Independent Investigative Journalism Since 1995

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Age of Obama
Barack Obama's presidency

Bush End Game
George W. Bush's presidency since 2007

Bush - Second Term
George W. Bush's presidency from 2005-06

Bush - First Term
George W. Bush's presidency, 2000-04

Who Is Bob Gates?
The secret world of Defense Secretary Gates

2004 Campaign
Bush Bests Kerry

Behind Colin Powell's Legend
Gauging Powell's reputation.

The 2000 Campaign
Recounting the controversial campaign.

Media Crisis
Is the national media a danger to democracy?

The Clinton Scandals
Behind President Clinton's impeachment.

Nazi Echo
Pinochet & Other Characters.

The Dark Side of Rev. Moon
Rev. Sun Myung Moon and American politics.

Contra Crack
Contra drug stories uncovered

Lost History
America's tainted historical record

The October Surprise "X-Files"
The 1980 election scandal exposed.

From free trade to the Kosovo crisis.

Other Investigative Stories



Last Year's Fundraising Letter

By Robert Parry
December 11, 2009 (Originally sent in December 2008)

Editor’s Note: Sometimes it’s interesting to look back a year and recall what seemed likely. In our 2008 end-of-year fundraising letter, there were already signs that the incoming Obama administration was overly eager to make compromises with Washington’s status quo:

Election 2008 brought hope to the United States – and to the world – ending eight years of George W. Bush’s disastrous presidency and punishing his Republican Party. But Barack Obama’s transition has made clear that much work remains to be done.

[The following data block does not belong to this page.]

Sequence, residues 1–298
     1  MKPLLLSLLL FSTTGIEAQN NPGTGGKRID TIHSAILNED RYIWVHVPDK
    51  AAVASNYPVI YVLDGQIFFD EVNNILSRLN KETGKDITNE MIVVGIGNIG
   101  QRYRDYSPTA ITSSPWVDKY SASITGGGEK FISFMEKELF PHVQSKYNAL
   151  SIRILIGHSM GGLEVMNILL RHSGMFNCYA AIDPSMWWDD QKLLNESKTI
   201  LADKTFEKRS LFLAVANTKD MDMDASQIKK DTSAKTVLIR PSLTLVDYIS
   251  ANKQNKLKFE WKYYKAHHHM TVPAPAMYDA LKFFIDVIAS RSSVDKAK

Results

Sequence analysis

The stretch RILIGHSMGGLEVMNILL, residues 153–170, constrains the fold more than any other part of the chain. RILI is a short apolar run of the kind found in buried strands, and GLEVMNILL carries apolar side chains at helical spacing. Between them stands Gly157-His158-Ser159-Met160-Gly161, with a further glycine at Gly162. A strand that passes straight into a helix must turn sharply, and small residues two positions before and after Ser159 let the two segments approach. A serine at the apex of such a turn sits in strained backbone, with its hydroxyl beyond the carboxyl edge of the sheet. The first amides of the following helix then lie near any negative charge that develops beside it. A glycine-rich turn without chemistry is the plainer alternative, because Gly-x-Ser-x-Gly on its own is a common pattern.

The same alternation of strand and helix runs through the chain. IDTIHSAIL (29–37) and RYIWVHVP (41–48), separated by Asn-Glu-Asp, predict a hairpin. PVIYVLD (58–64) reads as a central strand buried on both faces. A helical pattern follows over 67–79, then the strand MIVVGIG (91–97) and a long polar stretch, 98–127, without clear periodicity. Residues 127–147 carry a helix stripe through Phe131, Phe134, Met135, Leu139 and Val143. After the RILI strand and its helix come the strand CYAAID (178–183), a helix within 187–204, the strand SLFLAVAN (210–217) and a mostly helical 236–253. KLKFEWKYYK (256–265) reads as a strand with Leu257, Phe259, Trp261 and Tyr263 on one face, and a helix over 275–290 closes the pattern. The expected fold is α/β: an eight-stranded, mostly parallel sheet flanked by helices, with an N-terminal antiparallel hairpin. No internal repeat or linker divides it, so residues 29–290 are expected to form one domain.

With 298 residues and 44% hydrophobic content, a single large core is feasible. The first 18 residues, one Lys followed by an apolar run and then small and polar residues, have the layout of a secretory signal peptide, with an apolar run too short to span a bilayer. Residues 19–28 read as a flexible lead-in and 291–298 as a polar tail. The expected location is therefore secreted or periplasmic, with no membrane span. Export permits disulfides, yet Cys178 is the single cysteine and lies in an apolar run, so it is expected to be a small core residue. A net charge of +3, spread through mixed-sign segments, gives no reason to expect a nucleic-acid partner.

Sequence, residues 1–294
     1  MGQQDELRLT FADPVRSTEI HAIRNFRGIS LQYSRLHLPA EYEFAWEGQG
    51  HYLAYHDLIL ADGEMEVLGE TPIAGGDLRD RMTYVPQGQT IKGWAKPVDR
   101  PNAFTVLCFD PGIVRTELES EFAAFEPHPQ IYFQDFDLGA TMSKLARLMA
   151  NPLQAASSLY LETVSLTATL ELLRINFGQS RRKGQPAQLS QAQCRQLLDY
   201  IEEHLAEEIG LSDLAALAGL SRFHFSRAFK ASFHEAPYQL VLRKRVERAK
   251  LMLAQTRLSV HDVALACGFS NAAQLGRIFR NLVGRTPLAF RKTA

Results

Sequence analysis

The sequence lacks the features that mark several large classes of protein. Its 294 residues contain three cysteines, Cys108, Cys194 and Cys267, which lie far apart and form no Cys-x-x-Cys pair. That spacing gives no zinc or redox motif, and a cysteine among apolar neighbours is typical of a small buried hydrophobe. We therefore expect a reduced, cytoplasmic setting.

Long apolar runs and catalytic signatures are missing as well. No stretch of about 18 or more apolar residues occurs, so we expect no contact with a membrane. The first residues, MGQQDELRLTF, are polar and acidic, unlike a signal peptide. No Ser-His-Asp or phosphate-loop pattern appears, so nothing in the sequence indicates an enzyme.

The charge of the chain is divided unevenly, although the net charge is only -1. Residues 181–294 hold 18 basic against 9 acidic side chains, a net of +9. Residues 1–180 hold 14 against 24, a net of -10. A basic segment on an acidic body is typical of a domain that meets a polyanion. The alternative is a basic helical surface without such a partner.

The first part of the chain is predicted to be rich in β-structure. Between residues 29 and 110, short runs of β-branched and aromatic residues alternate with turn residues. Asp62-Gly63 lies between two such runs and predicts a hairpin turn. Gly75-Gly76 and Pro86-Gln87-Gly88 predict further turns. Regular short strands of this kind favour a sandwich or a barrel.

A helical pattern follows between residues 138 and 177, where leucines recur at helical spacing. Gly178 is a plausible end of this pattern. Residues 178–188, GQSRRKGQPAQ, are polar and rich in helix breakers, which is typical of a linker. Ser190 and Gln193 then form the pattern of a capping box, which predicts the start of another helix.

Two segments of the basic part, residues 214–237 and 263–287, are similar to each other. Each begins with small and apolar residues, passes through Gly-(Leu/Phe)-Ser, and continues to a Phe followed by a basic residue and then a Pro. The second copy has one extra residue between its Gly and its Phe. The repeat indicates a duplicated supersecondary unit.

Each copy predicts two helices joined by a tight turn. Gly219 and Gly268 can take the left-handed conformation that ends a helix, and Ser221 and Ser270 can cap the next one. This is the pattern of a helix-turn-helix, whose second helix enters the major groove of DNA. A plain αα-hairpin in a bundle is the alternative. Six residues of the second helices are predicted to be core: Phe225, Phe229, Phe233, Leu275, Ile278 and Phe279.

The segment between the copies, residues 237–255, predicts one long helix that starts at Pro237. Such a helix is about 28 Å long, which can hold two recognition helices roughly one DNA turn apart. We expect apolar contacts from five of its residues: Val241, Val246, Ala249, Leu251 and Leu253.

Despite the many catastrophes of the Bush administration, the operative word from the Obama transition has been “continuity,” not “change.”

Establishment news outlets, both mainstream and right-wing, have praised the President-elect’s cautious Cabinet choices, such as keeping Robert Gates at Defense.

What this “continuity” means for us at – and for others who resisted the corrupt Bush years – is that we cannot rest on our successes. We must continue digging for the truth about the Bush administration’s crimes – whether we get help from the Obama administration and Capitol Hill Democrats, or not.

Much like the early days of Bill Clinton’s presidency in 1993, Obama and the Democratic leadership seem inclined to let bygones be bygones and hope the Republicans and their right-wing media allies will respond with some bipartisan reciprocity.

That strategy didn’t turn out too well for President Clinton (the Republicans hounded him for eight years). But an even graver danger is that tolerating a false history opens the door to a repeat of costly mistakes.

We also must focus on the desperate need to build honest media institutions – and to support the work of journalists and writers who dare to tell the truth.

You might have thought there would have been a housecleaning at Establishment news organizations where sycophantic journalists enabled George W. Bush and his disasters. But the roster of the mainstream/right-wing news media hasn’t changed much at all.